As a supporter of the Jewish Federation of South Palm Beach County, “the good that you do” allows us to assist our partner agencies, like the JDC, in doing the important work of making sure our Holocaust survivors, as far away as Moldova, are cared for and comforted.
Meet a recipient of your generosity: Sofia Mandel
“Each month I get groceries and buy supplies with a JDC food card. If I’m sick, JDC helps me. JDC — they’re the light in the window for me.”
During World War II, Sofia Mandel, 85, was forced from her home and had to shelter underground with her family. But now she feels like she’s more alone than she ever was during the war.
In recent years, she’s fallen twice and broken both hips, her eyesight is deteriorating, and she has to use a flashlight to read, even during the day. Sofia is uneasy about the future.
“I don’t have anyone else,” Sofia says. “That’s what scares me.”
A former preschool teacher, Sofia was once surrounded by children and loved their joy. She worked all her life, had strong relationships with her colleagues, and spent the last 20 years of her career teaching in a Jewish school. Sofia didn’t retire until the age of 78 because she enjoyed the work and needed the income; she says would have continued teaching had she not broken her hips.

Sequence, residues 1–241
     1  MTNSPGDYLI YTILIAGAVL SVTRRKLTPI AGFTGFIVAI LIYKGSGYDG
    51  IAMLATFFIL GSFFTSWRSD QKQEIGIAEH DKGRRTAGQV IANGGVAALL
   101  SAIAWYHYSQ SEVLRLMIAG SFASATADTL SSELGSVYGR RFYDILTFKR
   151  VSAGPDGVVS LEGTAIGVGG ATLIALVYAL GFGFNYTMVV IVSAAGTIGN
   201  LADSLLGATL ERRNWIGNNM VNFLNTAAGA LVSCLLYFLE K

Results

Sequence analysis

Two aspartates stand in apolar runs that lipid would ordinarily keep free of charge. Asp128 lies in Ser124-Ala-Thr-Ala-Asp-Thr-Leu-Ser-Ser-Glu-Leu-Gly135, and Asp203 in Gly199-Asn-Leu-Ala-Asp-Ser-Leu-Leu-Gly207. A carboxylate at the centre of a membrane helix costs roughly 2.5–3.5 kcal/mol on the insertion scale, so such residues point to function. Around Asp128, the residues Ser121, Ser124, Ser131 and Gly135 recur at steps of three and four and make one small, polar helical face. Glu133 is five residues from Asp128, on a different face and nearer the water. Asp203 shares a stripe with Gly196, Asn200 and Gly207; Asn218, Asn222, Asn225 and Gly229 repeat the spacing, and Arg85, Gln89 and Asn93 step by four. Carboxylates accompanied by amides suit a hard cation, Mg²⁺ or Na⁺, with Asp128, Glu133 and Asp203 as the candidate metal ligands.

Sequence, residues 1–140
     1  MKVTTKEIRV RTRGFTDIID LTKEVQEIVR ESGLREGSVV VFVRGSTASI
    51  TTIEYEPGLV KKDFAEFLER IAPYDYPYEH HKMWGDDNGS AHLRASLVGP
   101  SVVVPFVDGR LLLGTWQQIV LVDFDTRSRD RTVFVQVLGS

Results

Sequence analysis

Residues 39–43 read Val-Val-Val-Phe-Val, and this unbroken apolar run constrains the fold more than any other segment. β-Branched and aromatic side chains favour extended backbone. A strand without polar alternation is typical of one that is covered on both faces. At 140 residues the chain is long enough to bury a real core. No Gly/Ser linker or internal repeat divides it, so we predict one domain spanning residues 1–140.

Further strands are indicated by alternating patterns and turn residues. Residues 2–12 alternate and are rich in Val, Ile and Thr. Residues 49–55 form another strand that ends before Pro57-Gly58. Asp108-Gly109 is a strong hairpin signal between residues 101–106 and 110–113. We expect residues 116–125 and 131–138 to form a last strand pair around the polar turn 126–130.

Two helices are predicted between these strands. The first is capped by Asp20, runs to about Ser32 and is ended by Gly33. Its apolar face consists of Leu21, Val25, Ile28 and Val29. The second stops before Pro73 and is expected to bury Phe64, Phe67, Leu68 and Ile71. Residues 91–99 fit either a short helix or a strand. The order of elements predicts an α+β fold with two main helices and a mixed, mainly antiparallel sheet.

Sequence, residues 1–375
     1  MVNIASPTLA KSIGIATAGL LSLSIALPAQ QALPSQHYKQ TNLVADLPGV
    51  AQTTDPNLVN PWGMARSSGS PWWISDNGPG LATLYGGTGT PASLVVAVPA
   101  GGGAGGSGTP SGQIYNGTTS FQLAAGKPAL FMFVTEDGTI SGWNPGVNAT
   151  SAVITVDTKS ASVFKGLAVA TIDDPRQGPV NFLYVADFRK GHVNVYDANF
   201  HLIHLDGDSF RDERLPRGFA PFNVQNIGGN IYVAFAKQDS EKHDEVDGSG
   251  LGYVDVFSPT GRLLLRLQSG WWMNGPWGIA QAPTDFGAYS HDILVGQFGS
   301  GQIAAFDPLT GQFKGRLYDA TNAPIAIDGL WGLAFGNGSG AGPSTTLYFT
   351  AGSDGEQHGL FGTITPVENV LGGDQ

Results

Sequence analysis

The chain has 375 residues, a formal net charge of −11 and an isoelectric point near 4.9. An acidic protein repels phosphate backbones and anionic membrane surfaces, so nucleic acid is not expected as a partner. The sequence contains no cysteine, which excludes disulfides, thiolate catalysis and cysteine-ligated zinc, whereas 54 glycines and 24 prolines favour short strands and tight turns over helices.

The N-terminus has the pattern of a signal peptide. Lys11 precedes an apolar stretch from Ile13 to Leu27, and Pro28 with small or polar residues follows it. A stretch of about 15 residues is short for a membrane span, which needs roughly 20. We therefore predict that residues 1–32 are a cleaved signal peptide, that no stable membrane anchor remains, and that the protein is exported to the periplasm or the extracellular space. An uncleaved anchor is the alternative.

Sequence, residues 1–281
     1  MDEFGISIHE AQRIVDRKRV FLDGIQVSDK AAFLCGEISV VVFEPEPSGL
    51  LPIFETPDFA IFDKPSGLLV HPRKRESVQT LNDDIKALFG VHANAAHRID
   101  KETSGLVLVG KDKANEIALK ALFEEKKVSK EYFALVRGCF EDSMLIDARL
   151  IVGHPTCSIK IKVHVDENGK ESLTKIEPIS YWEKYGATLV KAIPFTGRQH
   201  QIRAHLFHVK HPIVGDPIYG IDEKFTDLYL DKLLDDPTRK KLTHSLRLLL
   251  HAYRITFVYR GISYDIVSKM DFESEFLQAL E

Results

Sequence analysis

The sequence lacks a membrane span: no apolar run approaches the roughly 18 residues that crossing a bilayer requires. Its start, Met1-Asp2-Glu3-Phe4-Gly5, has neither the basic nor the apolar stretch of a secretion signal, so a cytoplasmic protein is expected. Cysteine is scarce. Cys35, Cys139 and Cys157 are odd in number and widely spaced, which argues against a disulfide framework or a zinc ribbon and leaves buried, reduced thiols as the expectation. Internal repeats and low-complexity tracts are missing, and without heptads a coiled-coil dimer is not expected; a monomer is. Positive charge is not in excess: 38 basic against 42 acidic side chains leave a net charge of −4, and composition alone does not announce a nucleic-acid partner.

Now she’s homebound in a tiny apartment in Chișinău, Moldova — Europe’s poorest country. With no elevator, the long flights of stairs make it impossible to go out. And even if she could, the pandemic adds to her worries.
“I want so much to go outside. But now I’m scared that, G-d forbid, I’ll get sick,” Sofia says. “That’s how I live. But it’s not just me. Many others don’t have anyone, and already lived as if they were under lockdown. It’s even lonelier during the holidays.”
Thanks to you, JDC and Federation, Sofia receives friendship, nourishment and care
Sofia finds comfort in the one bright spot in her life: JDC. She is grateful for her JDC homecare worker, who regularly brings food, cooks hot meals, cleans her apartment, and provides Sofia with human interaction.
Sofia is just one of more than 80,000 elderly and vulnerable Jews that JDC serves throughout the former Soviet Union, many of whom struggle to survive on pensions of less than $2 a day. JDC is the only place that Sofia, and so many like her, can turn to for help.
That’s why, when her worries overwhelm her, Sofia thinks of JDC and immediately calms down.
“JDC does everything possible, everything necessary. Everything I need, they do it all with heart,” Sofia says. “These homecare workers, they are my close friends and family. Thank G-d for JDC.”